Jeong Ga-young’s Hit the Night has drawn comparisons to the films of Hong Sang-soo, likely because it features a lot of drinking, even more talking, and a relationship between a man and woman that is awkward, ambiguous, and steeped in cinema. The major distinction is that director/screenwriter Jeong stars in her film, as Ga-young, a filmmaker on a night out with a male acquaintance, asking about his history with sex, intimacy, and relationships as a means of conducting research for a new project. The majority of Hit the Night consists of this interrogative conversation, which begins at a street cafe before moving to a more private lounge setting and finally a karaoke bar. As the two progress from soju to self-poured gin and tonics, Ga-young finds her true motivations behind the evening increasingly difficult to conceal — or does she? It’s not much of a spoiler to say that her reasons for wanting to spend time with Jin-hyeok are not purely professional, and much of the pleasure of Hit the Night is in the subtlety of Jeong’s sly performance.
Ga-young seems to relish subjecting Jin-hyeok to her inquiry just as Jeong’s camera never tires of watching the unsuspecting young man blush at the casual frankness of her questions regarding (among other things) his frequency of masturbation and favored sexual positions. At one point, he asks her why she still uses an outdated flip phone, which “doesn’t even have messengers.” Jeong may be suggesting that face-to-face conversation, however cloaked in pretense, is preferable to the impersonal communication fostered by smartphones, especially when searching for a love connection. But Hit the Night is no Luddite screed; it’s concerned more with how Ga-young’s lowered inhibitions betray her true intentions over the course of the evening, and how Jin-hyeok’s willingness to play along seems to fluctuate of its own accord (itself a credit to Park Jong-hwan’s understatedly guileless performance). Near the end, Jeong employs a couple of disruptive formal devices that complicate her narrative in (it must be said) a rather Hongian fashion; even so, her clever coda emphasizes how much preparation goes into the appearance of effortlessness, and the way in which searching for fulfillment in love and art can become an ever-repeating cycle.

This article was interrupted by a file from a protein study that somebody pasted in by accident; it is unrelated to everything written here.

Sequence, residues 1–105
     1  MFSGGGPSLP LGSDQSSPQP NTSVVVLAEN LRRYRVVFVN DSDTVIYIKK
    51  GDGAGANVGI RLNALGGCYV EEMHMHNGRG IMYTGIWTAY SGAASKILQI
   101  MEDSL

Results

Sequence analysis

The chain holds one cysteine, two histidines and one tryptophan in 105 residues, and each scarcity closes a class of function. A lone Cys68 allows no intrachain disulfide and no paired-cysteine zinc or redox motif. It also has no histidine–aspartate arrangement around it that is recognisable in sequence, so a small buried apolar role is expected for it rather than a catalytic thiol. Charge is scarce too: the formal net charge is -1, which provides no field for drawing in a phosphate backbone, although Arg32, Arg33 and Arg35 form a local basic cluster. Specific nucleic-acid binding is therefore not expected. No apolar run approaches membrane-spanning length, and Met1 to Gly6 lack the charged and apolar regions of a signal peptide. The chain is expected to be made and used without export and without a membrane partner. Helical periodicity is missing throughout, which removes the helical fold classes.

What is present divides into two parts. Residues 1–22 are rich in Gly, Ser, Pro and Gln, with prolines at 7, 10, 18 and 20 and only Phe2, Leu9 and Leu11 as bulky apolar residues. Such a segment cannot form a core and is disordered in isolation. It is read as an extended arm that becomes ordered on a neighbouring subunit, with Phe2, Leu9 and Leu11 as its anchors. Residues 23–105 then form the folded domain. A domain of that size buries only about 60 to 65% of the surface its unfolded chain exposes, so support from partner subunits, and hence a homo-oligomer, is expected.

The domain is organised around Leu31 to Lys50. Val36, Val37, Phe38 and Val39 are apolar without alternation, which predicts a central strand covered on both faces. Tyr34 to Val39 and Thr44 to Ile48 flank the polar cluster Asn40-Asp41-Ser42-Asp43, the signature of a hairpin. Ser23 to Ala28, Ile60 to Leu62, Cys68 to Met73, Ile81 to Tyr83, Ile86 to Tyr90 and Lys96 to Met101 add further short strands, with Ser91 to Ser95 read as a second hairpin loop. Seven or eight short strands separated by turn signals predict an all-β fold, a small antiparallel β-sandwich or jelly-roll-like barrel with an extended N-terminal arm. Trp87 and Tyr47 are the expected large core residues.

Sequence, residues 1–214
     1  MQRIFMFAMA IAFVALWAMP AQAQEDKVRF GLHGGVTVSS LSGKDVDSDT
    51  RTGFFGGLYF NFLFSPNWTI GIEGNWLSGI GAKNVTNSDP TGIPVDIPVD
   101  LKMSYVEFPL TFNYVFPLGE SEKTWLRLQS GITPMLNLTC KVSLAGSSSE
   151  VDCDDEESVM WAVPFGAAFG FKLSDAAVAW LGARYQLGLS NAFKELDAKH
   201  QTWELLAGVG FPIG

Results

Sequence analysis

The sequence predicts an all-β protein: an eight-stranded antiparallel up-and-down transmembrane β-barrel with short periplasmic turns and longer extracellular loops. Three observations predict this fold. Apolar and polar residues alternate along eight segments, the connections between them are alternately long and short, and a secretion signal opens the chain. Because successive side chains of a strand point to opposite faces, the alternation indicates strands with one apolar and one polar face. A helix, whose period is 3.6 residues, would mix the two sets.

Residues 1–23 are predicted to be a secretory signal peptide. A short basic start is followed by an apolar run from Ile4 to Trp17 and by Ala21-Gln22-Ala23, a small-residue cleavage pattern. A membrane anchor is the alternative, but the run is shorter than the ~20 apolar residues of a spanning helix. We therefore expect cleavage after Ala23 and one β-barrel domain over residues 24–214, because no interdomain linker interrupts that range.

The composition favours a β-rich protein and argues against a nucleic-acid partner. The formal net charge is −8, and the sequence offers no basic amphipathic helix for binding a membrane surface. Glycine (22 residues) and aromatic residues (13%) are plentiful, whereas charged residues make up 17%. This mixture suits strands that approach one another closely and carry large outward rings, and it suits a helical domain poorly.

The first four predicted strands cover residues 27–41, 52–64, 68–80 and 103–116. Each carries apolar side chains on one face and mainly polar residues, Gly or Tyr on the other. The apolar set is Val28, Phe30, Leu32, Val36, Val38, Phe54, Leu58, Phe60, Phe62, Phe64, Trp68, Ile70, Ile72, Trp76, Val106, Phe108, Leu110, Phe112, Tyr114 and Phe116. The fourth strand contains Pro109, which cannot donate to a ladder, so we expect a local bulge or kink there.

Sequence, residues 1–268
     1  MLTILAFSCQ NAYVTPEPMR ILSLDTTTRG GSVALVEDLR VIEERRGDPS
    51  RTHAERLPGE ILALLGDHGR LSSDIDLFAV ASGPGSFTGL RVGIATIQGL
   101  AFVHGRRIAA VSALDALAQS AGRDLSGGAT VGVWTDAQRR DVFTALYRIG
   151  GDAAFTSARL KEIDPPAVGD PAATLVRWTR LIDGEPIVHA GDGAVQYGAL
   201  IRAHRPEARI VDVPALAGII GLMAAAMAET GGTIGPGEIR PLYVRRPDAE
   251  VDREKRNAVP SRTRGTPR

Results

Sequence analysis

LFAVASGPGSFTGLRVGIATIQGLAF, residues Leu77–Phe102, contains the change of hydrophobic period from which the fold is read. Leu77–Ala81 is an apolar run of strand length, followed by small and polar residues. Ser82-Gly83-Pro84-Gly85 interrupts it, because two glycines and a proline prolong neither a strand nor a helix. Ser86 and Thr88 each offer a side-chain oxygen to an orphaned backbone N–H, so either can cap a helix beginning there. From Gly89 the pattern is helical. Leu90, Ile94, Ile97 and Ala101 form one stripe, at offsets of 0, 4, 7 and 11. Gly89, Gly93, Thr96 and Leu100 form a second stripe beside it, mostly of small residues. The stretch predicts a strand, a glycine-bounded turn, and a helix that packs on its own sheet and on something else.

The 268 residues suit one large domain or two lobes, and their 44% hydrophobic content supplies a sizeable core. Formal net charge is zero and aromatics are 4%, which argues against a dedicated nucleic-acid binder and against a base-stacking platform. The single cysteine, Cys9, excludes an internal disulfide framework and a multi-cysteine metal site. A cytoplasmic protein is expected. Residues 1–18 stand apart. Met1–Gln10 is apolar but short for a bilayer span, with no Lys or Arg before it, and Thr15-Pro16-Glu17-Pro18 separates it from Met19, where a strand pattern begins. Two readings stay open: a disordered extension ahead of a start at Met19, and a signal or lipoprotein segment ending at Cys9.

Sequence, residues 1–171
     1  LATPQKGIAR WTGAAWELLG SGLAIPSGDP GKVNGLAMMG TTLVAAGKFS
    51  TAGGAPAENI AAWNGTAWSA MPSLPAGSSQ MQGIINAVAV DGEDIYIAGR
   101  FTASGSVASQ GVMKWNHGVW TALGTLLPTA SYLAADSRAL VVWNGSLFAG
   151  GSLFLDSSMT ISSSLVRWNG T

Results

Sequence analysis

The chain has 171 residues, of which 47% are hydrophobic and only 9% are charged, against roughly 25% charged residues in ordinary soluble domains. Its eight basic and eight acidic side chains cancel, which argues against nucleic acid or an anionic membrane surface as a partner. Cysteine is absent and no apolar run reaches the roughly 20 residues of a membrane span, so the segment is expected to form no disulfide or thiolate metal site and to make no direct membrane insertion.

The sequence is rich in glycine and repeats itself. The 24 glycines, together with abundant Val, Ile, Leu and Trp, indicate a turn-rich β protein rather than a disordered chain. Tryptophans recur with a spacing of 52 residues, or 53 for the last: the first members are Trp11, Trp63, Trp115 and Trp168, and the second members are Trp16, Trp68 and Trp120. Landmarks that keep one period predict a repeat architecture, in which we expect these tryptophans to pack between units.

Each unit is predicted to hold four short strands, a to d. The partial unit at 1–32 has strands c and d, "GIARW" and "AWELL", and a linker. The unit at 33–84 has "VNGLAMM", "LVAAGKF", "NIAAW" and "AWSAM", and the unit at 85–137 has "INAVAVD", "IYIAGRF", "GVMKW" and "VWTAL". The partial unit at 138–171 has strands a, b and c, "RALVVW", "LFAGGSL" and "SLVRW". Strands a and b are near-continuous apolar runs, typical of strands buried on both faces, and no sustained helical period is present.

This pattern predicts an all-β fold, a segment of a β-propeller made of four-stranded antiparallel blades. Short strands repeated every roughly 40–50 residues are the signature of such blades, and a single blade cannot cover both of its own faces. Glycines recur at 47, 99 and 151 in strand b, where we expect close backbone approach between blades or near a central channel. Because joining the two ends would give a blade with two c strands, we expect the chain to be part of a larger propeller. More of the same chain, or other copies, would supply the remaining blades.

Published as part of New York Asian Film Festival 2018 | Dispatch 2.